Mr. White to Mr. Gresham.
St. Petersburg, December 9, 1893.
(Received December 26.)
Sir: Mr. L. H. Smith, of Nicolaiefsk and Vladivostock, an American citizen doing a large business at those places and on the Amoor River, desires to purchase real estate for the purpose of his business in one or both of the places above named.
Some time since he telegraphed and mailed to me to find whether he could, under the treaties between the United States and Russia, and under the laws of the Empire, acquire landed property as above.
The Buchanan treaty seemed clear, but in view of various exceptions and the special regulations, I addressed a note to the foreign office, and obtained a very full and explicit reply, dated May 13/25, 1893, in which the following is the essential part:
Citizens of the United States have the right, by virtue of the laws of the Empire and under the same conditions as all other foreigners, to acquire and possess landed property in Russia, in confining themselves to certain restrictions enforced under article 1003 of volume 9 of the Russian Code of Laws.
These restrictions relate to the possession of real estate in the province of Turkestan, law of June 12, 1886, and of landed property outside of cities in the ten governments of Poland, and the governments of Bessarabia, Wilna, Vitebsk, Volhynia, Grodno, Kiev, Kowno, Courland, Livonia, Minsk, and Podolia, law of March 14, 1887.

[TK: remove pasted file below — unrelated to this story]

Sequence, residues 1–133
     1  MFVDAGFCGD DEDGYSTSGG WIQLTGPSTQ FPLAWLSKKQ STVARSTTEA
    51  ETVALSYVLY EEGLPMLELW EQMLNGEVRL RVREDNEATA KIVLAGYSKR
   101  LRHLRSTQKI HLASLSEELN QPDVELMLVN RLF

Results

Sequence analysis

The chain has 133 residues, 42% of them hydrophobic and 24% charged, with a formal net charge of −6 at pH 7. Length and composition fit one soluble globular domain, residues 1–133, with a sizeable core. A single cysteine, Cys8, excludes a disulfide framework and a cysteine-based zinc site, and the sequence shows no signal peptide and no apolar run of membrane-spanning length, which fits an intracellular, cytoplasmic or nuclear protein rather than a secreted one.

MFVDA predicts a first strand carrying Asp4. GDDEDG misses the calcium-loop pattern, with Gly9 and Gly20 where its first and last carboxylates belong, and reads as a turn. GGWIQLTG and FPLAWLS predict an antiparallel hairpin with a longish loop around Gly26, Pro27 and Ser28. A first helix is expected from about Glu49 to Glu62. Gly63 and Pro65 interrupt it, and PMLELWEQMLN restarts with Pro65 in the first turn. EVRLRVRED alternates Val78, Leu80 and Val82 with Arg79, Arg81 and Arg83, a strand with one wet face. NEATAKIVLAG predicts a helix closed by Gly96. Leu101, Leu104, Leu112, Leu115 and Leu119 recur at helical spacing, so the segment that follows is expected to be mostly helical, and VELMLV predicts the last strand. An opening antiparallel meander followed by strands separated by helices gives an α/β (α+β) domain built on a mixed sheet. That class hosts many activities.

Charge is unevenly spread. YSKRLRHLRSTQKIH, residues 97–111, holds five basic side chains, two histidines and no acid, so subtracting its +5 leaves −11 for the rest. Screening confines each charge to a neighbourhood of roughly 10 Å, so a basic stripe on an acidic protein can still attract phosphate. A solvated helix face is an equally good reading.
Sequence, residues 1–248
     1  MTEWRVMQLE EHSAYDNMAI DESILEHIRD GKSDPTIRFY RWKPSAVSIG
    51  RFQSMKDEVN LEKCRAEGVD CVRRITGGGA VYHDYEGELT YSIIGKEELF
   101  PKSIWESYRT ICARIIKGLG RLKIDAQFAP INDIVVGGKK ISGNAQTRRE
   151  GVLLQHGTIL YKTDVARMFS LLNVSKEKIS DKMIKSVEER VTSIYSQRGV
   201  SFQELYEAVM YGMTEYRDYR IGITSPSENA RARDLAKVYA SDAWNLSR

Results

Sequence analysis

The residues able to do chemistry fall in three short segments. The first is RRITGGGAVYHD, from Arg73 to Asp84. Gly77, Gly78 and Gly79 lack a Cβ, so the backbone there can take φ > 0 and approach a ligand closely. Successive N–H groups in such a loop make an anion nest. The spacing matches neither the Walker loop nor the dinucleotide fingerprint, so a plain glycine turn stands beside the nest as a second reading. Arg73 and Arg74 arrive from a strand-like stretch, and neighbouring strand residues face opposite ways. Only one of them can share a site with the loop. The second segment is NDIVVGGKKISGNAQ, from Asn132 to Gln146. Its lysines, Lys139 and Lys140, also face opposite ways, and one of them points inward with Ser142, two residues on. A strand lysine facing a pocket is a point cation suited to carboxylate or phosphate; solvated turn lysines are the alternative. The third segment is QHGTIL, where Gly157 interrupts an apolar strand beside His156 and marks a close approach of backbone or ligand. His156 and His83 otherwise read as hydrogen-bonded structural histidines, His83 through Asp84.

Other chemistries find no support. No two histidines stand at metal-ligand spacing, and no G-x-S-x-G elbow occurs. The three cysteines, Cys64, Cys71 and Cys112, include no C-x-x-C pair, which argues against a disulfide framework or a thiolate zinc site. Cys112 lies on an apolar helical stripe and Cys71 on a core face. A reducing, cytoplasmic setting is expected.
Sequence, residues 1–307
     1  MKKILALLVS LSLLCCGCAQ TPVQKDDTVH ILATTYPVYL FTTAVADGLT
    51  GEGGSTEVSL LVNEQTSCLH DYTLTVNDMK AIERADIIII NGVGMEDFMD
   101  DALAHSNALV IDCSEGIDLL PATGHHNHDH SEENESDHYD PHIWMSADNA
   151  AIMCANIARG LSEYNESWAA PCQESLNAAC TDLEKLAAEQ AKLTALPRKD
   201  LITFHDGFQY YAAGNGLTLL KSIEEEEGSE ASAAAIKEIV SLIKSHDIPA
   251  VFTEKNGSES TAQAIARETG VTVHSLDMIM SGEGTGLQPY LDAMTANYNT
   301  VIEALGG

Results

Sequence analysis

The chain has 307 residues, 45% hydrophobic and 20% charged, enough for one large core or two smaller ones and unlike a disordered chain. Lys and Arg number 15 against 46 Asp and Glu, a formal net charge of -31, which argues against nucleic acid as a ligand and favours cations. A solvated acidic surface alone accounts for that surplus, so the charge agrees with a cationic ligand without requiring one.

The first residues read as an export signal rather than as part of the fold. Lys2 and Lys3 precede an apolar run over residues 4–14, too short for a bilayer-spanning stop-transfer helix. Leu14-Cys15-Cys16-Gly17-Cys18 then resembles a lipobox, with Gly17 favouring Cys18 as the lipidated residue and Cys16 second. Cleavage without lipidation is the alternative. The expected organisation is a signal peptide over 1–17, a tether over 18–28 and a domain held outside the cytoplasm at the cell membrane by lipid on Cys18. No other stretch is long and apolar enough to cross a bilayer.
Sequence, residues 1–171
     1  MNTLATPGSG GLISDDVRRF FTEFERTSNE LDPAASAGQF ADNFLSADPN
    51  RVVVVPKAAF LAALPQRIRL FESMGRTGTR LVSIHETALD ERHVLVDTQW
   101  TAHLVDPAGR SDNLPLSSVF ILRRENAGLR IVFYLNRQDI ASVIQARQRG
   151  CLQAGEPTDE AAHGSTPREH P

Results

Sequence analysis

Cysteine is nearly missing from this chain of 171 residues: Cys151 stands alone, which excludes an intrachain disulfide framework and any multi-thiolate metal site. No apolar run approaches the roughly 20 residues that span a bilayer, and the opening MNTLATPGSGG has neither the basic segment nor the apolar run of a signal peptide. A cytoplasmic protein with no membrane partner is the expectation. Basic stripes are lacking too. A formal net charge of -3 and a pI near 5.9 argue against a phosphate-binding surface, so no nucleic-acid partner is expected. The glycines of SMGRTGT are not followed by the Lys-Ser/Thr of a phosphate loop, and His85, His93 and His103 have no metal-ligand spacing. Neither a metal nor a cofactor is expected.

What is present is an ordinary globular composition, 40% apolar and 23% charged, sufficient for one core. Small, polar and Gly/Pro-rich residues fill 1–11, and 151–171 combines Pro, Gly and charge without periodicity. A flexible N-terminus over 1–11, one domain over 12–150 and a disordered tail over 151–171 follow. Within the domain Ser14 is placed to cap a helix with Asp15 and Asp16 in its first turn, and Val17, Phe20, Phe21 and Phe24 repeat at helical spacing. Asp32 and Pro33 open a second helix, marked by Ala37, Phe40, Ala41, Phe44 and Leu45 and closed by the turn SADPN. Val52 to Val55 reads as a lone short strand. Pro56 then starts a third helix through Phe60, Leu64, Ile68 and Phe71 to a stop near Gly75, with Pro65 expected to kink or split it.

Mr. Smith is now here, and with the aid of a lawyer is seeking to establish his right, and he has applied to me for a copy of the above-named note in full.
I have addressed to him a letter giving the essential part of the foreign office note above quoted, but have declined, under personal instructions, paragraph 95, on page 20, to communicate to him a certified copy of the note until authorized to do so by the Department of State.
I would now respectfully apply for this authorization, in case the Department sees fit to grant it.
Mr. Smith is engaged in large business, and, as I am credibly informed, stands well among all with whom he has to do. He seems to be a man of intelligence and high character. He is very anxious to have a complete copy, as his lawyer tells him that this will be of the very greatest value in establishing his right.
I am, etc.,